Republican congressman says FBI seized his cellphone
Republican Rep. Scott Perry of Pennsylvania said Tuesday that the FBI had seized his cell phone.
“This morning, while traveling with my family, 3 FBI agents visited me and seized my cell phone,” he said in part in a statement.
The search is connected to an investigation being conducted in part by the Justice Department inspector general, according to a personal familiar with the matter. The watchdog is investigating the actions of former Justice Department official Jeffrey Clark, and potentially others, as it examines the department’s role in seeking to assist former President Donald Trump to block certification of the 2020 election results.
Spokespeople for the Justice Department and its inspector general both declined to comment.
Perry is closely linked to Clark, who has come under scrutiny by federal investigators for his role in efforts to overturn the 2020 election and had his home searched by law enforcement officials earlier this summer.
The Perry search warrant indicated that the inspector general’s lab in Northern Virginia could conduct a forensic examination of the seized phone. The inclusion of the inspector general is unusual given the office investigates wrongdoing by Justice Department employees. Perry, a five-term congressman, has never worked for the department.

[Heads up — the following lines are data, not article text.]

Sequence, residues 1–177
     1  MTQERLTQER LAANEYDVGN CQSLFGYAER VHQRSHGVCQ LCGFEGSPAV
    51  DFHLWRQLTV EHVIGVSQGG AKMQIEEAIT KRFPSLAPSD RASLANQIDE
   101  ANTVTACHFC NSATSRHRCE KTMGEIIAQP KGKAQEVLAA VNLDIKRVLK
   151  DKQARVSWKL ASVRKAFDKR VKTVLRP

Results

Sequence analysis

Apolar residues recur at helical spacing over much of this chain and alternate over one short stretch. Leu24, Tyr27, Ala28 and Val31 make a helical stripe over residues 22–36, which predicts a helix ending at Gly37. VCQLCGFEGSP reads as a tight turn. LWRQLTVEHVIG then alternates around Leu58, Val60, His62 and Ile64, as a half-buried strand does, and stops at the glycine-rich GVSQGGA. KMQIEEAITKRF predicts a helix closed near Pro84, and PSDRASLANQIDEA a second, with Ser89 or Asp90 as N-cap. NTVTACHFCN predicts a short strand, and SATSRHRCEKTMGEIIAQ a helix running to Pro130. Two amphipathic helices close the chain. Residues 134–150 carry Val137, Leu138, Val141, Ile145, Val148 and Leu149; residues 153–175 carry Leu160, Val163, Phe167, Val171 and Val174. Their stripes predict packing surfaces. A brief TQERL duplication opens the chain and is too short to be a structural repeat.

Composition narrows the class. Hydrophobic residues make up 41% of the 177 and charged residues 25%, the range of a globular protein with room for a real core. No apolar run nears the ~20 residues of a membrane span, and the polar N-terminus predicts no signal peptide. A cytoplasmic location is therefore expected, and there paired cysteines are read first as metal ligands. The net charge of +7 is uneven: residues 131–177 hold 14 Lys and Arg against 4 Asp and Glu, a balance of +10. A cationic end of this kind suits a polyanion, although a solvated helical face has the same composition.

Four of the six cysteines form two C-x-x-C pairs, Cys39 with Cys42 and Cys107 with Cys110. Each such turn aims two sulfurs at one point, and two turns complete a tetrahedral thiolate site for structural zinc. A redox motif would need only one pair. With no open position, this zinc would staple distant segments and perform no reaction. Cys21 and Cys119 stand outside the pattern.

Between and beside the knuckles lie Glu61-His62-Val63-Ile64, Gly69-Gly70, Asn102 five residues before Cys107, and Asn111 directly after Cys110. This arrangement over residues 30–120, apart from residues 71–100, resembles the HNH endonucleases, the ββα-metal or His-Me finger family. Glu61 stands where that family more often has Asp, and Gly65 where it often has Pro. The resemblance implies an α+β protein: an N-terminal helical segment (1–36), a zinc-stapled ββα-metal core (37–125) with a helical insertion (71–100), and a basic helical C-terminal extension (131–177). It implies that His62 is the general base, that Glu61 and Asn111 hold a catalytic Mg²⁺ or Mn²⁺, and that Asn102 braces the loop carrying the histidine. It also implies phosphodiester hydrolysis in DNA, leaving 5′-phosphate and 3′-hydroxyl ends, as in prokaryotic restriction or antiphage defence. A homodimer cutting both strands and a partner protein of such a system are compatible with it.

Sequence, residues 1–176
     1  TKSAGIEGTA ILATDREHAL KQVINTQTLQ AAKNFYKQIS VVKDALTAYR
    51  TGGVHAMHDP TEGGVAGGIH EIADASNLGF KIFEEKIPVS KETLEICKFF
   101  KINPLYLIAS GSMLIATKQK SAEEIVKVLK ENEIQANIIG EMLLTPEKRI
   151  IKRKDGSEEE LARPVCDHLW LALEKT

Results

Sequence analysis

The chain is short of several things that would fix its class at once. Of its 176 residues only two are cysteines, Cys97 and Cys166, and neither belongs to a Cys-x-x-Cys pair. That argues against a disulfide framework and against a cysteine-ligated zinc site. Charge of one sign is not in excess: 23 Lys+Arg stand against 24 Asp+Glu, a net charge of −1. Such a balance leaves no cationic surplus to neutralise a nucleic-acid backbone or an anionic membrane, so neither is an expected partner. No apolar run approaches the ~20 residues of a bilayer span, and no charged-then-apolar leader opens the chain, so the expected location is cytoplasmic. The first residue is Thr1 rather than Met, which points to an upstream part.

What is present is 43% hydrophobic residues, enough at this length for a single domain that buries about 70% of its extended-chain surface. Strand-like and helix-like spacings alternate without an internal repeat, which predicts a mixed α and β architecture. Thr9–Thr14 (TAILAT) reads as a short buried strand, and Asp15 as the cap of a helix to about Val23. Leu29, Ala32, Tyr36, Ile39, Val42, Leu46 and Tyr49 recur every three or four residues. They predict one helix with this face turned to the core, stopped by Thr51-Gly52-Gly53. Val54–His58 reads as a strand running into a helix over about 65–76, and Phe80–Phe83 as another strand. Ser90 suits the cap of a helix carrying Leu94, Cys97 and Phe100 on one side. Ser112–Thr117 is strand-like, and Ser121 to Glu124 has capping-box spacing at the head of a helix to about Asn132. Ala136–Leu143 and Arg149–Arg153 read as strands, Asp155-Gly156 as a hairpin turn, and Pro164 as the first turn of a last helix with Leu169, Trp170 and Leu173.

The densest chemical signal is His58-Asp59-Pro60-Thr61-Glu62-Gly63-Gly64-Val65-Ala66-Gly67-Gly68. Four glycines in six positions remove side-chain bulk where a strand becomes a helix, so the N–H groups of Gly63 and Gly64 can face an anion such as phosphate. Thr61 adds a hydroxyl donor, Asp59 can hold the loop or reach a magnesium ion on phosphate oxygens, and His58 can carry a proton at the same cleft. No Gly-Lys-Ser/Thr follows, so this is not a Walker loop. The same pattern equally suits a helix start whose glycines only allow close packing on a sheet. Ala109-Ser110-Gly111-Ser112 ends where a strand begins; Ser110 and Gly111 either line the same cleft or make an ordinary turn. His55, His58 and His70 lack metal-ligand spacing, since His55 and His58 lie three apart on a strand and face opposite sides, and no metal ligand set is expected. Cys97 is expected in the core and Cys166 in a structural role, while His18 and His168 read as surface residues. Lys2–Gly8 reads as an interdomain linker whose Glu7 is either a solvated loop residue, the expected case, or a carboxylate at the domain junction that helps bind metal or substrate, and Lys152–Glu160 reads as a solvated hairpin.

The inspector general is the same Justice Department watchdog office that was listed as doing the forensics and other investigative work following June searches of Clark and former Trump attorney John Eastman.
The new details come as Perry and other Republicans criticize federal law enforcement for the search of a sitting congressman’s communications, which, if they relate to his legislative work, may be protected under the Constitution.
Yet the authorities took precautions not to access information of Perry’s on Tuesday that should be protected, the source said.
Perry’s phone was imaged after the search on Tuesday morning and returned to him soon after. The warrant indicated that federal authorities would need to go back to federal court for a second warrant to access the contents, according to the source.
Eastman, Clark and Perry haven’t been charged with any crimes. It is unclear if there is a target of the criminal investigation into political contacts that aided Trump’s post-election pressure campaign, but the DOJ inspector general investigates wrongdoing by employees within the Department of Justice, which Clark was at the time Trump tried to enlist him to push false voting fraud claims. Perry had introduced Clark and Trump.
Other prosecutors who are based in DC at the Justice Department are working on the criminal investigation related to Clark and Eastman, alongside the inspector general’s office, according to several sources familiar with the probe.
This story has been updated with additional developments Tuesday.